Future of the Private Investigation IndustryKUSIC AND KUSIC
The landscape of private investigation in British Columbia is changing as the industry aims to solve existing challenges and work towards a more professional, inclusive and skilled workforce.
The private investigator community strives to set the industry standard for private investigation in the Province and across Canada.
Snapshot of today’s private investigators
In 2013, a total of 159 new security business licences were issued to private investigators in British Columbia. This number is down slightly from the 2012 total of 181.
The number of newly licensed private investigators in 2013 is 882. This is down from 1,277 licenses that were issued in 2012.
Though the number of licensed private investigators has changed somewhat, the composition hasn’t. Private investigators that are currently working are mostly ex-police officers, many of whom are semi-retired. There are not a lot of young people or women in the profession.
The industry challenge
Recruiting the tech-savvy youth of today’s generation has not been overly successful. Most youth are totally unaware PI’s exist outside of Hollywood.
As a general rule, younger people who have grown up with technology are more inclined to keep up-to-date on the latest technology and media that can make them more effective as private investigators. Youth can offer a fresh look at old problems.
There are historical barriers to entry in the profession. In the past, the route to become was a private investigator was unclear. Getting licensed was straight forward, but finding a company to mentor an “under-supervision” private investigator was challenging. This has posed an obstacle for many, as companies have been reluctant to start training from scratch.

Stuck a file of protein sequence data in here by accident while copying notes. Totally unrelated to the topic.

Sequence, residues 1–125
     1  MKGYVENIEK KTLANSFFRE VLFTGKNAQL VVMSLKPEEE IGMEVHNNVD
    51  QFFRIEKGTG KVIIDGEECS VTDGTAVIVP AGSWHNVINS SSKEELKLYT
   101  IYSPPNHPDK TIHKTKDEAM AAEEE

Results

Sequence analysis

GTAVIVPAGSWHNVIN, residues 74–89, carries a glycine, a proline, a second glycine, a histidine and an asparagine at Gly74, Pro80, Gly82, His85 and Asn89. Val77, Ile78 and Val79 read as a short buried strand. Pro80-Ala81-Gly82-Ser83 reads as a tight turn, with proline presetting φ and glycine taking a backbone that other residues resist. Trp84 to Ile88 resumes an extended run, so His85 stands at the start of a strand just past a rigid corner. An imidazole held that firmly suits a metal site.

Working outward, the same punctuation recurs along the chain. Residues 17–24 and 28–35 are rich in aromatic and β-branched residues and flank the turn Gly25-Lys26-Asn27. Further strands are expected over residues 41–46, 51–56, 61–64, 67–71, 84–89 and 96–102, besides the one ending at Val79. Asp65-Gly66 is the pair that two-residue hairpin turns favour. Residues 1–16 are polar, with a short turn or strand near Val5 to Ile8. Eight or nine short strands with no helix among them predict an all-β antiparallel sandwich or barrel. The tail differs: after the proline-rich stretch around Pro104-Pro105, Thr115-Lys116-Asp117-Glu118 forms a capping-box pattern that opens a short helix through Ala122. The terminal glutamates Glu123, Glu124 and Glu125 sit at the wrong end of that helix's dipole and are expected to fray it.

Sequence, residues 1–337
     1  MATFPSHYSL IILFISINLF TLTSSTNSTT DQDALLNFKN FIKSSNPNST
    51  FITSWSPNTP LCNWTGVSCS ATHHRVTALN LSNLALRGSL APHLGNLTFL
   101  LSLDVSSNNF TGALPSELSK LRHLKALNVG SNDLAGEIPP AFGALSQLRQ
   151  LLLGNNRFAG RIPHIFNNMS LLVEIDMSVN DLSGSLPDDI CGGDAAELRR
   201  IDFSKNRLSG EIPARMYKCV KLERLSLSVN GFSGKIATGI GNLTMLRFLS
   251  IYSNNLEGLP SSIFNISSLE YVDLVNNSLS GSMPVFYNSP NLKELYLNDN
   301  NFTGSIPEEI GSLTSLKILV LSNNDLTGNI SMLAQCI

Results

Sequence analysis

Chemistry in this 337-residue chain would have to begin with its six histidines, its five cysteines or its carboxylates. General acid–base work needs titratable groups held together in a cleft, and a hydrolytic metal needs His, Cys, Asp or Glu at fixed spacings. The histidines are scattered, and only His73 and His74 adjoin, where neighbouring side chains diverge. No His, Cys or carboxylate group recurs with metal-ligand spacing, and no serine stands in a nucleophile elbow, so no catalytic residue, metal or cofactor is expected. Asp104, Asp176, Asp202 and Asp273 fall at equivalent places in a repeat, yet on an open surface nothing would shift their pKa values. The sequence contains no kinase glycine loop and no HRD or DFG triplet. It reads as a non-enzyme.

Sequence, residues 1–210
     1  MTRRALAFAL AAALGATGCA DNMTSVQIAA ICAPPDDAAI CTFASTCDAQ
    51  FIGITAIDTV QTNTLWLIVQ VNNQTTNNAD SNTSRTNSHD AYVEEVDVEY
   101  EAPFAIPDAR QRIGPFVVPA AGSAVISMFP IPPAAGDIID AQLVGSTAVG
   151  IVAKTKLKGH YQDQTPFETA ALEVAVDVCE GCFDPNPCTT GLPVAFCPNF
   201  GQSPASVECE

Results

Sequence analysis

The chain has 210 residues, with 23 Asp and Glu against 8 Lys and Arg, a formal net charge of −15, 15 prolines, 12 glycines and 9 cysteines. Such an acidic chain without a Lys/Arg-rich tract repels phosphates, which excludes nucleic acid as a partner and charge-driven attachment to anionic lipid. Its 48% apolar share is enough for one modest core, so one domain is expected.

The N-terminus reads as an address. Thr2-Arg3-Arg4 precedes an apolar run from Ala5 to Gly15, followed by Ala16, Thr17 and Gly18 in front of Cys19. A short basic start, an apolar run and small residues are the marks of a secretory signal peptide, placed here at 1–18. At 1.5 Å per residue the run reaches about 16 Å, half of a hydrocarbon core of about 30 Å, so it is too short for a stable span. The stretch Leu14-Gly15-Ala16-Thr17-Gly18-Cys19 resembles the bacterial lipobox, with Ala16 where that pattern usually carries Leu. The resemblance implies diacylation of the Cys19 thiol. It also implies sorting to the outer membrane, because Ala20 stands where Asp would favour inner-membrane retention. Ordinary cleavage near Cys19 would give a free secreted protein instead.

An investigator with experience, and far too regularly a lack of skills, was often hired by PI firms instead of training a quality applicant because the firm was desperate to plug scheduling holes.
The “old-boys club” mentality amongst the private investigation community has also been a factor for many years. Generally speaking, female private investigators have advantages over their male counterparts such as their ability to establish trust, and fly under the radar during surveillance. Despite these advantages, only 15 per cent of private investigators are women.
The industry solution
The advent of the Private Investigators’ Association of British Columbia (PIABC) has helped to promote ethical practices and professional development in the industry.
The PIABC training course is now a requirement for private investigators to become licensed. The course is designed to raise the overall industry standard of professionalism and lead to a more heterogeneous group of private investigators, including more young people, ethnicities and women. Firms will no longer have to “start from scratch,” when hiring a new investigator.
Hires will have the basic knowledge of the industry to greatly accelerate their practical training. This will hopefully allow for firms to find high quality applicants and over time allow for greater diversity in the industry.
Private investigators in the near and distant future
With a more hopeful path for both future investigators and private investigation firms, in the near future, the profession can expect an influx of innovative professionals with a wider skill set to draw on.
In the long run, technology and innovation will drive the evolution of the private investigation industry as a whole. Here’s a look at what the job of a private investigator may look like 100 years from now.
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